Whether you are just out of school or simply feeling ready for something new, good graphic design jobs abound. We’re living in a visual society; most of us spend hours on the internet perusing site after site. Every one of these sites has visuals, and those visuals were designed by someone. That someone could be you. And even though you don’t want to explore graphic design jobs centered around the internet, there are so a number of other areas, packaging, print design, advertising, marketing and within all of these areas there are graphic design jobs that you may be in a position to fill.
Custom work takes time. Every design team will do their best to accommodate your schedule, especially in the event of a last minute rush job. Deadlines change and ‘I need it next week’ suddenly becomes ‘I needed it yesterday.’ Keep in mind that a design shop can (unfortunately) only do so much. Your rush job still needs to be squeezed in to the regular production schedule. Quality work takes time, and rushed jobs tend to look like they were rushed.
The graphic design is my passion industry is moving fast and so are the jobs and your approach can be crucial to locating the best fit for your skills. Each of these five points below should be used regardless of other methods utilized.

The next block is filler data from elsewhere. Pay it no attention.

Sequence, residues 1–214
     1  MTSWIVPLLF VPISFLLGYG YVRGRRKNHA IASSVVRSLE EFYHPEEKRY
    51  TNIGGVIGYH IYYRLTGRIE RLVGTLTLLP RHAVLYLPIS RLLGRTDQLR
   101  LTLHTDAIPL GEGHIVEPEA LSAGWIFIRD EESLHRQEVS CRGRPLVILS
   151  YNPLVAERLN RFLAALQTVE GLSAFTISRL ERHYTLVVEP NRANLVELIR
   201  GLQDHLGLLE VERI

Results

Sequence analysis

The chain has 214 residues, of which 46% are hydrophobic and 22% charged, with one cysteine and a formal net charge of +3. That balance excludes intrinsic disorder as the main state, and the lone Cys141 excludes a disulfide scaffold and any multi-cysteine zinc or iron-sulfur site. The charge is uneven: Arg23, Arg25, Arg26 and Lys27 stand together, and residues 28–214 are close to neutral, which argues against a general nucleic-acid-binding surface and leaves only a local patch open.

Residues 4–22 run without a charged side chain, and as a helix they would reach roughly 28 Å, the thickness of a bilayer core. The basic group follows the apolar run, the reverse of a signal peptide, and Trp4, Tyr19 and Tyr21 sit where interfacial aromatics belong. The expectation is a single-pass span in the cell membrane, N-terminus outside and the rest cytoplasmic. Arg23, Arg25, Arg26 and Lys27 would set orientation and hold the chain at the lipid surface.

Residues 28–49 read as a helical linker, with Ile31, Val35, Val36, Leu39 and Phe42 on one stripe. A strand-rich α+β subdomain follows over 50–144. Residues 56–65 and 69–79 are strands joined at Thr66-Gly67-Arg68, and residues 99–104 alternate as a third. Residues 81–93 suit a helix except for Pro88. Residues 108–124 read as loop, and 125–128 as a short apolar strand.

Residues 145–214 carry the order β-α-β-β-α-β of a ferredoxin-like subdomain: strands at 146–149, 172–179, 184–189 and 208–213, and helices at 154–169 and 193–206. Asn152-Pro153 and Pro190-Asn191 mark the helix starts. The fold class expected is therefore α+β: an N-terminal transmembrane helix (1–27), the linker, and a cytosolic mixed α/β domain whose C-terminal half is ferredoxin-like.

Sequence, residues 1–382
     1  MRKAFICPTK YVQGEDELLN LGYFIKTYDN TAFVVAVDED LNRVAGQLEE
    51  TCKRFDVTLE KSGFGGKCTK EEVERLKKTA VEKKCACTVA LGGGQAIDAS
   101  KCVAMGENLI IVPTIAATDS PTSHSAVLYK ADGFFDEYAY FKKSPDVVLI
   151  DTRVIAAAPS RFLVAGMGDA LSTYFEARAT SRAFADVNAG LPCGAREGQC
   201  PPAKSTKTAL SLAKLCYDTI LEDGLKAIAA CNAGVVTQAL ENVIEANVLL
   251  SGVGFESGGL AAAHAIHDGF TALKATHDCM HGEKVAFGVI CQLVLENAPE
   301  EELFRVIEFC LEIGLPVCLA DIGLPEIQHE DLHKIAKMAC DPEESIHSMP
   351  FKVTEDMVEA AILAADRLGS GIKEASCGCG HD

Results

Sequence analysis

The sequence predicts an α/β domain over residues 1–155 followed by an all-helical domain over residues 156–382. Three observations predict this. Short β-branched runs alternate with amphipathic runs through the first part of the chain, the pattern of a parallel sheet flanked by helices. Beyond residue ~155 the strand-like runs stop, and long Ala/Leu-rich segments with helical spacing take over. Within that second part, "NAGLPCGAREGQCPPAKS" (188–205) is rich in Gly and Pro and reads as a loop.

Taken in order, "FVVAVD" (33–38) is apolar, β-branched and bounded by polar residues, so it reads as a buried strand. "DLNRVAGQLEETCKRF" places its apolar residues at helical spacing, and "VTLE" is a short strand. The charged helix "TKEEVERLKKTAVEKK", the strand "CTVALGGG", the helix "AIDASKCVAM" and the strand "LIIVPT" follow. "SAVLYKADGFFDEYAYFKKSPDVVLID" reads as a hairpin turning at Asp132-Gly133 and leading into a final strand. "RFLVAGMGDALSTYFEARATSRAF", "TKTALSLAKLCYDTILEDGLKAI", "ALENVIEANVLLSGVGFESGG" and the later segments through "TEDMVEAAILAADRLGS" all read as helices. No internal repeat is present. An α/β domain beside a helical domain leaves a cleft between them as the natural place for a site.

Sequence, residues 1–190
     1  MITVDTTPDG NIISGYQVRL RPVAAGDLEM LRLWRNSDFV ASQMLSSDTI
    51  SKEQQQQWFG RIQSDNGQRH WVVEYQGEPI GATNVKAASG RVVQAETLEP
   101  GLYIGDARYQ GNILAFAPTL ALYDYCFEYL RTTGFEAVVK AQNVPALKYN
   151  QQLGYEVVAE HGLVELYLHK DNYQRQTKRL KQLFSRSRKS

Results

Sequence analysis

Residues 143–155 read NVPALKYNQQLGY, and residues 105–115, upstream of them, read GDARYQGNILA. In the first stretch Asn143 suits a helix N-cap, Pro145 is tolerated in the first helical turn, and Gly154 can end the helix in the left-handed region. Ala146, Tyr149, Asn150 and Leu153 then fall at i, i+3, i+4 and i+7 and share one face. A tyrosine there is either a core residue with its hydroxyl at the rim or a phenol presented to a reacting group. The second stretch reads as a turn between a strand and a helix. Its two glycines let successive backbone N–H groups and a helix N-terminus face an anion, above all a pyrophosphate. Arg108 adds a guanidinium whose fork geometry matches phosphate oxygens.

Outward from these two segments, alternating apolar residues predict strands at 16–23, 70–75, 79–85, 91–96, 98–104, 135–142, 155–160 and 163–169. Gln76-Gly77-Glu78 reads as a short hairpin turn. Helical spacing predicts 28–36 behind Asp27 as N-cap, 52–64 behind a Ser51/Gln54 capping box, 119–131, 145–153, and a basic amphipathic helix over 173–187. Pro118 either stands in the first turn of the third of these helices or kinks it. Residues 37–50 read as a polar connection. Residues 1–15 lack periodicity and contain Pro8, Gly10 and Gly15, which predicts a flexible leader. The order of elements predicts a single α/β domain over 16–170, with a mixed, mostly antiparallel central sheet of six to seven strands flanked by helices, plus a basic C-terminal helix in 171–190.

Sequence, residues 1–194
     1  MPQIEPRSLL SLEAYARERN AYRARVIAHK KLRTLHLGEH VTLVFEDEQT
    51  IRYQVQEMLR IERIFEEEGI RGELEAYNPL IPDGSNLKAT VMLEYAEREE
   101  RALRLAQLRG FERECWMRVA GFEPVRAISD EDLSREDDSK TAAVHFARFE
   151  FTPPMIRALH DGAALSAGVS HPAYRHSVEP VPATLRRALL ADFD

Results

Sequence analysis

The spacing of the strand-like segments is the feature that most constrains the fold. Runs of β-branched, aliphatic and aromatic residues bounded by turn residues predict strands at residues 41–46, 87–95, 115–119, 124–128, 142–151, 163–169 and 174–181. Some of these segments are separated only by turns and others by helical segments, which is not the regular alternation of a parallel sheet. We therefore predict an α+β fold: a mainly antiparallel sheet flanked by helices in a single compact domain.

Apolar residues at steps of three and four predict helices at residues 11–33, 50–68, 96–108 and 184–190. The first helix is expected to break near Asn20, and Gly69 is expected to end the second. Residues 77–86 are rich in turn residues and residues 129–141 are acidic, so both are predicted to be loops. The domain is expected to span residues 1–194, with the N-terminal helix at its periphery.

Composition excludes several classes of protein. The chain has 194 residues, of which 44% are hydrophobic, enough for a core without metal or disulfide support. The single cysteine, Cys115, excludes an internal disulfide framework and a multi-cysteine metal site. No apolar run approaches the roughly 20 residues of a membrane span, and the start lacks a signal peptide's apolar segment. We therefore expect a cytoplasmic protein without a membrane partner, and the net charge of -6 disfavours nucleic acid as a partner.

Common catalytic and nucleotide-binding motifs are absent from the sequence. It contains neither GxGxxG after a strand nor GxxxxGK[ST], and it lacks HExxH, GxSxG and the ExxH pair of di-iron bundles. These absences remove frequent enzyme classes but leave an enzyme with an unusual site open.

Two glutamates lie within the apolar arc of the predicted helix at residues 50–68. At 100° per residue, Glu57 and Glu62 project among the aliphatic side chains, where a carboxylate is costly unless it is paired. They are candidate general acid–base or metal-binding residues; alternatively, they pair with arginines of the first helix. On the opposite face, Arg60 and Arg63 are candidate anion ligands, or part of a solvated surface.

Ever think of sharing your experiences with other designers? A blog may be the best way to do so. Including one in your online portfolio will not only increase traffic to your portfolio, but it will also give you the opportunity to create a community-base of graphic designers who you can share ideas with.
Although many of the computer and creative gigs posted on Craigslist are one-time-only projects, you still want to take the professional approach. If you have a resume or a PDF of your samples, send it to the provided email address. Many graphic designers are turning to the classified website to find paying clients and projects. You are likely not the only interested applicant, so sell yourself and do so in a professional manner.
If you’re new to blogging and cannot come up with any ideas, you could start by discussing what you’ve done to create your online portfolio and ask for any comments. You may get some great feedback that you could incorporate into your portfolio.
When you finally decide which company to go with, do not hesitate to communicate openly about what you want, what type of graphics you want, how you want the website to look like and so on. Providing some of the tools, like photos, will help the company understand what you are expecting from them thus better results with your website.